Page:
Having a more complex subject doesn’t always mean you have to slave over it. In this demo, painter and patterner Ania Zwara shows us how to paint a peony – with shading – in a quick, yet delicate way that will impress any flower lover!
Step 1: Sketch and Erasing
While it’s possible to dive straight into painting, Ania recommends doing a quick sketch just to get the general shape and layout of the petals and leaves. She also recommends using cold press watercolour paper (100% cotton, A4 size), but you’re free to use hot press if you plan on scanning your painting later.
Other tools you’ll need are: a size 10 and 4 round paintbrush, a container of water, a pencil, a kneaded eraser, paper towels, watercolour paints and a palette.
For the sketch, lightly draw a circle in the middle of your paper. This will help centre your flower, plus the peony is shaped like a cabbage, where the petals wrap around the middle in a round-ish shape.
Then, sketch in the petals wrapping around the middle, following the reference photo if needed. Note that the petals get smaller as you near the middle!
Also, make sure to draw both the inner and outer curves of each petal, especially the part that curls over. This will help give your peony more depth and dimension, even as a sketch.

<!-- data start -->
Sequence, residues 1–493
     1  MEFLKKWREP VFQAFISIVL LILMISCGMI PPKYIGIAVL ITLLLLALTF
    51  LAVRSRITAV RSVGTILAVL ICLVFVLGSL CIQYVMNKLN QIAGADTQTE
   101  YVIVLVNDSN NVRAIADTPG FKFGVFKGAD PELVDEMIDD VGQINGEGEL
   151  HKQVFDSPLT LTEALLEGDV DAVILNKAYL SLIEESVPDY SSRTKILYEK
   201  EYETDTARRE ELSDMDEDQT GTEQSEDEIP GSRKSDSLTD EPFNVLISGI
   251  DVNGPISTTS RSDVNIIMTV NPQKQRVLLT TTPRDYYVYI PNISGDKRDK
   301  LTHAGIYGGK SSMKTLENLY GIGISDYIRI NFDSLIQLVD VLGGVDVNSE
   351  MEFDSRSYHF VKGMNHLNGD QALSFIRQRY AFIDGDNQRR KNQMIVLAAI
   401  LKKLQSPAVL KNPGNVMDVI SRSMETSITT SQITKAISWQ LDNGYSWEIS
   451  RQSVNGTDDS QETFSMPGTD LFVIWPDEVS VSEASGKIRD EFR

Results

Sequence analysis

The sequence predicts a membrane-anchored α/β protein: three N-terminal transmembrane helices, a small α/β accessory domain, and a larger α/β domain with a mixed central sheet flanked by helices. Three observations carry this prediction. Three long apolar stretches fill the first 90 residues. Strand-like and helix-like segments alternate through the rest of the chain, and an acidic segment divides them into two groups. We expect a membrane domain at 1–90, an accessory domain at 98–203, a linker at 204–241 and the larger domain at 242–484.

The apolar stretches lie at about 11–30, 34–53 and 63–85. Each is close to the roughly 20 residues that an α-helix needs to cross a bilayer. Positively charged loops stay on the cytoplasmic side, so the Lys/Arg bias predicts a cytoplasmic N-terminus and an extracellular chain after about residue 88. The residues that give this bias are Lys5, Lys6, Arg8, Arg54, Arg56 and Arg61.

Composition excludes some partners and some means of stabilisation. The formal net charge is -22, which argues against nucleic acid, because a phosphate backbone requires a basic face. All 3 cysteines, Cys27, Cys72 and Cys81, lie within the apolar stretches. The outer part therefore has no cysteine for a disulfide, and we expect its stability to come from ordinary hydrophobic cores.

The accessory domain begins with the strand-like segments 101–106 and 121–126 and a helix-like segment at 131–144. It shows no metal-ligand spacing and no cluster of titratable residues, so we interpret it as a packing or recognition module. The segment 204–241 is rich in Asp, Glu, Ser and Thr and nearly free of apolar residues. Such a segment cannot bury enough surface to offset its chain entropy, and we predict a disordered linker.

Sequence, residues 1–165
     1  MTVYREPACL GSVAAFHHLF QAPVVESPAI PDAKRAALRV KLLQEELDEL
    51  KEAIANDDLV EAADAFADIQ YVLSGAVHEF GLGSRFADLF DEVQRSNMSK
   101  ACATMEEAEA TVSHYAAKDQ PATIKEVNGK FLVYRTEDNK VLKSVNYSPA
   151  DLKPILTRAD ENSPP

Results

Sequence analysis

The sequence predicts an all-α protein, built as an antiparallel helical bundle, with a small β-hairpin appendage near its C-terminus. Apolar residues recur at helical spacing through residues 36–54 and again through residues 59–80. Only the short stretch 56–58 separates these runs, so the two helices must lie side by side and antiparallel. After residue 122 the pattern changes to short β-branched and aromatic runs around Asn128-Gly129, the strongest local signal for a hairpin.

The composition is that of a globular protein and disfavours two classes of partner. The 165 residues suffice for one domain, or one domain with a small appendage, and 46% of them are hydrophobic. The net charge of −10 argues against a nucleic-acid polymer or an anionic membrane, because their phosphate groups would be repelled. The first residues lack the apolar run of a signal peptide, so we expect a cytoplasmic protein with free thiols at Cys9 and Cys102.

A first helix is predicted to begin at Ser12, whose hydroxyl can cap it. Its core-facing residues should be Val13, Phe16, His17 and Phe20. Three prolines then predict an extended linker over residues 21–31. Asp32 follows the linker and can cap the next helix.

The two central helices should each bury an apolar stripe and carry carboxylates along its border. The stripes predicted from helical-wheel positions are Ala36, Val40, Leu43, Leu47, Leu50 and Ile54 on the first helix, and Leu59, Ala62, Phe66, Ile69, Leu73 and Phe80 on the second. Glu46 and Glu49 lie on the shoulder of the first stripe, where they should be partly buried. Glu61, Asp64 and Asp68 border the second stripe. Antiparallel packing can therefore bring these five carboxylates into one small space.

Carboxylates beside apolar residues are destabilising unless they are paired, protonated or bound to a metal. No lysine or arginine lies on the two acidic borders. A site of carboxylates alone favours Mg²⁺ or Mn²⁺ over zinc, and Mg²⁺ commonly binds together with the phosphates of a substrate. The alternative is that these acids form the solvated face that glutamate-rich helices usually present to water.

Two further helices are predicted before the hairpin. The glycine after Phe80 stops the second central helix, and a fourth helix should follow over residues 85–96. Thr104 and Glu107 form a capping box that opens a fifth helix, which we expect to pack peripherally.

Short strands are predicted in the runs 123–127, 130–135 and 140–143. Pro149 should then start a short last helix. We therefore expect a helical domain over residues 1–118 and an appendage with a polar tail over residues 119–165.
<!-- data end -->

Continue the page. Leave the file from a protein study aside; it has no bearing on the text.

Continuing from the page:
Tip: You don’t have to follow the reference photo religiously! Ania herself prefers a loose style and shifts and adjusts some of the petals’ position and shape to her liking.
When you’re happy with the flower, add a few leaves off the side. Peonies have leaves with 3 tips on the end, kind of like a 3-fingered claw.
Curve them, so they’re almost “dancing” around the flower, and add 3 veins for each leaf. You can always readjust your lines, even during the painting phase, so don’t overthink it and just get your sketch done.
Once you’re done, use a kneaded eraser (the soft putty-like eraser) and dab at your lines to lighten them without completely erasing them. You can also roll it over your paper for faster erasing!
Step 2: Painting from Light to Dark